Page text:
Avoid Fraud

Even if you have never been subjected to an investment fraudster’s sales pitch, you probably know someone who has. Following the legendary Willie Sutton principle, fraudsters tend to go "where the money is"—and that means targeting older Americans who are nearing or already in retirement.

Financial fraudsters tend to go after people who are college-educated, optimistic and self-reliant. They also target those with higher incomes and financial knowledge, and have had a recent health or financial change. If you believe you've been defrauded or treated unfairly by a securities professional or firm, file a complaint. If you suspect that someone you know has been taken in by a scam, send a tip.

To entice you to invest, fraudsters use high pressure and a number of "tricks of the trade." Here are some common tactics:

  • The "Phantom Riches" Tactic—dangling the prospect of wealth, enticing you with something you want but can't have. "These gas wells are guaranteed to produce $6,800 a month in income."
  • The "Source Credibility" Tactic—trying to build credibility by claiming to be with a reputable firm or to have a special credential or experience. "Believe me, as a senior vice president of XYZ Firm, I would never sell an investment that doesn't produce."
  • The "Social Consensus" Tactic—leading you to believe that other savvy investors have already invested. "This is how ___ got his start. I know it's a lot of money, but I'm in—and so is my mom and half her church—and it's worth every dime."
  • The "Reciprocity" Tactic—offering to do a small favor for you in return for a big favor. "I'll give you a break on my commission if you buy now—half off."
  • The "Scarcity" Tactic—creating a false sense of urgency by claiming limited supply. "There are only two units left, so I'd sign today if I were you."

Protect yourself with these strategies:

  • End the conversation. Practice saying "No." Simply say, "I'm sorry, I'm not interested. Thank you." Let them know you'll think about it and get back to them. Have an exit strategy so you can leave the conversation if the pressure rises.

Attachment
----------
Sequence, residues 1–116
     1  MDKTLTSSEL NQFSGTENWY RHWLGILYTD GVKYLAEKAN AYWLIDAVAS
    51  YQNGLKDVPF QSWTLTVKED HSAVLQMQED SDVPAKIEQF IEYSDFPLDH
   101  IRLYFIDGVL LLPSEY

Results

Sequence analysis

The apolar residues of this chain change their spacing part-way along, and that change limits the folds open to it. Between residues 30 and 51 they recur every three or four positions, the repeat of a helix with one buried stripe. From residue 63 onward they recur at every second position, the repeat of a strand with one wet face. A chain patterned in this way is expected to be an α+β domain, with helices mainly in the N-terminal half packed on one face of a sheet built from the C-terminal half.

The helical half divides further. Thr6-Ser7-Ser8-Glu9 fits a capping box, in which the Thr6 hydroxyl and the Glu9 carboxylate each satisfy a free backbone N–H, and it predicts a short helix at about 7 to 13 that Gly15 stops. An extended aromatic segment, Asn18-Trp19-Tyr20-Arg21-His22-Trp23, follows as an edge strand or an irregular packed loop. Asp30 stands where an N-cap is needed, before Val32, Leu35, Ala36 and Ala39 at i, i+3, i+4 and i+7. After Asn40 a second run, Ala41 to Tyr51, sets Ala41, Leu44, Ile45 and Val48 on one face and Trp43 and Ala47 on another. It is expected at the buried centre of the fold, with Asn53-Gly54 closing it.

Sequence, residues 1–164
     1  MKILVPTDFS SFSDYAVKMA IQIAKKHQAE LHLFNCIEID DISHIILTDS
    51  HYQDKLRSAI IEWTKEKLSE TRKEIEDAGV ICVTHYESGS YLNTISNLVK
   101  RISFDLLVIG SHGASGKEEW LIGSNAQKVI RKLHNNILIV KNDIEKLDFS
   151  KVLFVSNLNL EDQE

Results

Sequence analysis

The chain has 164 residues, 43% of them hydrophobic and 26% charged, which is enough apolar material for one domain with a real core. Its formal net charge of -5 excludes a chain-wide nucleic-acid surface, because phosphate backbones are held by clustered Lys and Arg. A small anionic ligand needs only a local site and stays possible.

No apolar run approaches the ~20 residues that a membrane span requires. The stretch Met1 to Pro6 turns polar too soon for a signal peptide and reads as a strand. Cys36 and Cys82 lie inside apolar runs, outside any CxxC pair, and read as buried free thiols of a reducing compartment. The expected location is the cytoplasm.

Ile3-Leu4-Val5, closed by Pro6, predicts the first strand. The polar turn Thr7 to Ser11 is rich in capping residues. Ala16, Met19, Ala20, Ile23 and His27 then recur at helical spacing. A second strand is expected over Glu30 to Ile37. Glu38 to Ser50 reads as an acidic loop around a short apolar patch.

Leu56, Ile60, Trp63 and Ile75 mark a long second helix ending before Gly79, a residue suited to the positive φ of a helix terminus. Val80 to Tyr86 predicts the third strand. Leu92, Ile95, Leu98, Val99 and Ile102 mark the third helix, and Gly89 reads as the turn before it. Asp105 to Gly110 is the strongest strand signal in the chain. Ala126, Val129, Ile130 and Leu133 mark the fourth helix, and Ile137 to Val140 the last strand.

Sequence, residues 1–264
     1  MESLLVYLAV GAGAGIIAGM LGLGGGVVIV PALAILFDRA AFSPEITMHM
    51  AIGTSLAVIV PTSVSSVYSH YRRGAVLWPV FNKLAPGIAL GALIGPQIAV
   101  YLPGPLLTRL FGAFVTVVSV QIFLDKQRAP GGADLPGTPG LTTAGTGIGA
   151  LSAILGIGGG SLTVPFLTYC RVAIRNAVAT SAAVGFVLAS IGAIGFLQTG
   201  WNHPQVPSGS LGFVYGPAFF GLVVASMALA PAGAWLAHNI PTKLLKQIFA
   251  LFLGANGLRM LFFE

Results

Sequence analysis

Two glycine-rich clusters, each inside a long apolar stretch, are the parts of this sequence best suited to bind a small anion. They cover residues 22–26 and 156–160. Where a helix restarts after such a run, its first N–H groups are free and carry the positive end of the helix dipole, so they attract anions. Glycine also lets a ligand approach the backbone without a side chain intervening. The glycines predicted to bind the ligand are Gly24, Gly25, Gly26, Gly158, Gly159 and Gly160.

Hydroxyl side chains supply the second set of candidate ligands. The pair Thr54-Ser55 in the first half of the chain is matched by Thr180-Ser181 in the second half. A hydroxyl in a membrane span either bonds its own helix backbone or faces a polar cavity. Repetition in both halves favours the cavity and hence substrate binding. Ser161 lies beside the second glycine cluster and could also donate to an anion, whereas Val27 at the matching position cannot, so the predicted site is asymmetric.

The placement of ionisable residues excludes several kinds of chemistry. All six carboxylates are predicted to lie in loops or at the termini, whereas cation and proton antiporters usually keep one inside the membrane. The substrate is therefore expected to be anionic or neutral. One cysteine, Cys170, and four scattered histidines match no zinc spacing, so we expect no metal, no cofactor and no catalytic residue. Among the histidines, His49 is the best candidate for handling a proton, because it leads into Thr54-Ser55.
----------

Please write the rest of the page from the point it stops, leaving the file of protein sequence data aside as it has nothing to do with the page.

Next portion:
• Turn the tables and ask questions. Before you give out information about yourself, ask and check.
  • Talk to someone before investing. Be extremely skeptical if the salesperson says, "Don't tell anyone else about this special deal!" A legitimate professional will not ask you to keep secrets. Even if the seller and the investment are registered, discuss your decision first with a family member, investment professional, lawyer or accountant.
  • Take your name off solicitation lists. To reduce the number of sales pitches you receive, use the Federal Trade Commission’s National Do Not Call Registry.

FINRA offers an array of information and resources to help you outsmart investment fraud.

  1. Red Flags of Fraud
    Knowing the important warning signs of financial fraud puts you in charge.
  2. Ask and Check
    Ask the right questions and verify the answers before you work with an investment professional or buy an investment product.
  3. How Social Pressure Cost One Family $30,000
    It's often hard to resist an investment tip from someone in your social circle. Before handing over any money, you need to check out the investment and the person selling it.
  4. Spot a Scam in 6 Steps
    Financial fraudsters use sophisticated and effective tactics to get people to part with their money. Here are six steps you can take to help you spot an investment scam.
  5. Investor Alerts
    Don’t be taken in by these frauds and scams. Learn how to protect yourself and your money.


  • Risk Meter
    Use our Risk Meter to see whether you share characteristics and behavior traits that have been shown to make some investors vulnerable to investment fraud.
  • Scam Meter
    In just four questions our Scam Meter will help you tell if an investment you are thinking about might be a scam.